Exploring a career as a medical writer

3 min read
doctor writing notes
First Published: 
Aug 2020

Key Learnings contained in this article:

Some of the best career paths are the ones people never set out to follow. This is often the case for medical writers, who hadn’t considered this thriving profession at the start of their career.

Because there’s no specific qualification, medical writing can be an organic shift for people from a medical, life science or research background looking to step away from the lab or healthcare institution.

Medical writing and medical communication

Whether it’s a drug information sheet, journal abstract, research protocol, health website content or promotional material, a medical writer writes to inform, educate or inspire their reader.

The terms medical writing and medical communication are often used interchangeably, and fundamentally they’re the same. Both require the writer to understand medical information and translate it into words their target audience will understand.

Prescriptive writing, such as regulatory writing and journal manuscripts are written by medical writers. Writers follow specific guidelines and their audience is often health authorities and government agencies.

Medical communication offers writers more creative license. Writing content for websites, magazine articles, patient information brochures and conferences means a greater emphasis on connecting and engaging with the target audience. With so much information competing for a reader’s attention, a good medical writer knows how to get their message across clearly and succinctly.


Considering a career in medical writing and medical communication starts with analysing past experience and knowing where to upskill.


A person’s strengths, interests and relevant skills can help new writers decide which area of medical writing to focus on.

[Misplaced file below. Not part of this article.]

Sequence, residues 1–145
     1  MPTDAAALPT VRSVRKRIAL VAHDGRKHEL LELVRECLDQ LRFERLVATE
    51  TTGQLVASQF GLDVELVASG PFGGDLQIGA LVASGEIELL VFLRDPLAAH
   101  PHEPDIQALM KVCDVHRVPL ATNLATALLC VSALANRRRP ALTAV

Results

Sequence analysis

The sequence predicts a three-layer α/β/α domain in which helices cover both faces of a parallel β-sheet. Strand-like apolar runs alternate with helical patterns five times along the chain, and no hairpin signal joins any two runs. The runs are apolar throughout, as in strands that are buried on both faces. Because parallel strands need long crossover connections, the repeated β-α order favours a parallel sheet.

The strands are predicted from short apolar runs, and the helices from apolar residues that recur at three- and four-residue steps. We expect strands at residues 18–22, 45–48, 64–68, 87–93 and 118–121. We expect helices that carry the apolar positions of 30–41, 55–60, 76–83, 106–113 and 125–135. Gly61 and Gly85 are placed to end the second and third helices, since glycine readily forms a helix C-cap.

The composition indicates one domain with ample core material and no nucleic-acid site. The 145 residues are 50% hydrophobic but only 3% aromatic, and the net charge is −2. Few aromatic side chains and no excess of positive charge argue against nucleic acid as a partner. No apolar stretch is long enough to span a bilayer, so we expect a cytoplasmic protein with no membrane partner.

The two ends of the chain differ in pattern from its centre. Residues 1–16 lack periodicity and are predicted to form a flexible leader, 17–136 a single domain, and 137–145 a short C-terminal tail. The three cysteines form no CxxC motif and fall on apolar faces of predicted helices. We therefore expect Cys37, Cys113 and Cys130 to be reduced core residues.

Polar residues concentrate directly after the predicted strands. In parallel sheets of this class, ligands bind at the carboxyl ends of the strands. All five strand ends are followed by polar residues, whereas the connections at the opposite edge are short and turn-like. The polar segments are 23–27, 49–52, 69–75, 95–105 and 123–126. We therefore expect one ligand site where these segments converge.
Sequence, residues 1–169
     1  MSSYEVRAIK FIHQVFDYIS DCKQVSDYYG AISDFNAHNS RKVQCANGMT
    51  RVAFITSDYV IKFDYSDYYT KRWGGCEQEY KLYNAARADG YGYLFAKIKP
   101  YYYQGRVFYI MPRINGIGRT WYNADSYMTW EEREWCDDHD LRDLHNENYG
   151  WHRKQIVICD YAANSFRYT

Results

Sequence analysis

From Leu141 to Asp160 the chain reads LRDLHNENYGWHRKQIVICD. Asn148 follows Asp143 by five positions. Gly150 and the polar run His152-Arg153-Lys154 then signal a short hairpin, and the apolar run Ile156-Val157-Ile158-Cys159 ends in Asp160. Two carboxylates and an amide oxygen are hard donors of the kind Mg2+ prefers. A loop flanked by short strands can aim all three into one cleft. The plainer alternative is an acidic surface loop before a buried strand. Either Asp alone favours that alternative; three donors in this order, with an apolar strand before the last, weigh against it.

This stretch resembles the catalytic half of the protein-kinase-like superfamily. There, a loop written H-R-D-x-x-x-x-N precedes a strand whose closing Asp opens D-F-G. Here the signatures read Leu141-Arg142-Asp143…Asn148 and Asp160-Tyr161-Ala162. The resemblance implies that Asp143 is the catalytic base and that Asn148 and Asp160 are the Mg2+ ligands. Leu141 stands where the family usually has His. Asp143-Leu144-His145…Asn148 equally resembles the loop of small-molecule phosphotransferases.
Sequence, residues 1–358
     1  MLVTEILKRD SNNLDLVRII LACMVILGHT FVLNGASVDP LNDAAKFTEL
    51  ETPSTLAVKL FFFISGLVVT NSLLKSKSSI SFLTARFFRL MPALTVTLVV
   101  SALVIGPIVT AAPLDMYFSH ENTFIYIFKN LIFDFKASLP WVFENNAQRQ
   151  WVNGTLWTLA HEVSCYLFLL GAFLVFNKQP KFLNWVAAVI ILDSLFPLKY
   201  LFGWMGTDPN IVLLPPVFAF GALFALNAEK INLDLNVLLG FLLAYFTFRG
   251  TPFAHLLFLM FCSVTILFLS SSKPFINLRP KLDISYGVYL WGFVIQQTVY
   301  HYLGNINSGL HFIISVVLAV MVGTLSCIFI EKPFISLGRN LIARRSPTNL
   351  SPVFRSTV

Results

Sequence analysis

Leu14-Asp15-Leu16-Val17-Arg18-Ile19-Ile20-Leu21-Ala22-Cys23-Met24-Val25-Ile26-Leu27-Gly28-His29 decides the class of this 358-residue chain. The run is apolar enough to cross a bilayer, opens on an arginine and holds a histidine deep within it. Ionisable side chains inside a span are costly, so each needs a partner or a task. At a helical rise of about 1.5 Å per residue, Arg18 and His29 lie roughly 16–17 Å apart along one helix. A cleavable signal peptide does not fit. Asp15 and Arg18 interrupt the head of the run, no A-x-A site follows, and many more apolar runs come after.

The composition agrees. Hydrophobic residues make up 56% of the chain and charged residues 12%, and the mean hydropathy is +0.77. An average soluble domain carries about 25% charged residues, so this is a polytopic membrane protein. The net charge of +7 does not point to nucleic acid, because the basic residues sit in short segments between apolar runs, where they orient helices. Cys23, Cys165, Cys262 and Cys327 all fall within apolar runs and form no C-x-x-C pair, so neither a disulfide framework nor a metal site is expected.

People experienced in clinical trials and drug development may gravitate towards regulatory writing; others may enjoy the challenge of transforming medical terminology into plain English and focus on medical communication.


Not surprisingly, successful medical writers need to know how to write clearly. As the American novelist Nathaniel Hawthorne once said, “Easy reading is damn hard writing”.

All aspiring writers should refresh and improve their grammar, punctuation and sentence structure knowledge. Nothing distracts a reader more from the message than misplaced apostrophes, a subject and verb disagreement and too many redundant or technical words.

Online grammar and specialised writing courses help writers improve their skills. And all writing experience is an asset for a new writer, whether it’s a personal blog, research papers or website articles.

People also need to have a genuine interest in medicine and healthcare. Medical writing involves a lot of reading and research and keeping up-to-date with changes in the medical world.


Pharmaceutical companies, medical communication agencies and healthcare organisations are great places to start a medical writing career. New medical writers receive invaluable in-house training and improve their writing through feedback from experienced writers.

Joining a medical writers association is also beneficial. The European Medical Writers Association (EMWA) is an organisation who support and train medical writers in Europe. It offers workshops and conferences for medical writers to improve and expand their skills and provides comprehensive resourced for professionals interested in a medical writing career.

The American Medical Writers Association (AMWA) is an organisation for medical writers in the United States of America. It also offers ongoing training and support for writers, with resources for new writers and seasoned professionals.

Medical writers in other countries are encouraged to check out their local medical writer’s association.

A medical writing career is an opportunity to educate, inform and share medical knowledge to make real change in healthcare and medicine. People with medical nous and writing skills will find many opportunities to succeed.

Further information

American Medical Writers Association

European Medical Writers Association

How to become a competent medical writer?

A Career Guide to Medical Writing

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Sarah Cahill
Sarah Cahill is a freelance medical writer. Sarah worked as a nurse for 14 years before a career shift into writing, first working for a medical communications company and then founding Sayline Writing Solutions in 2018. She specialises in plain English medical and health writing.
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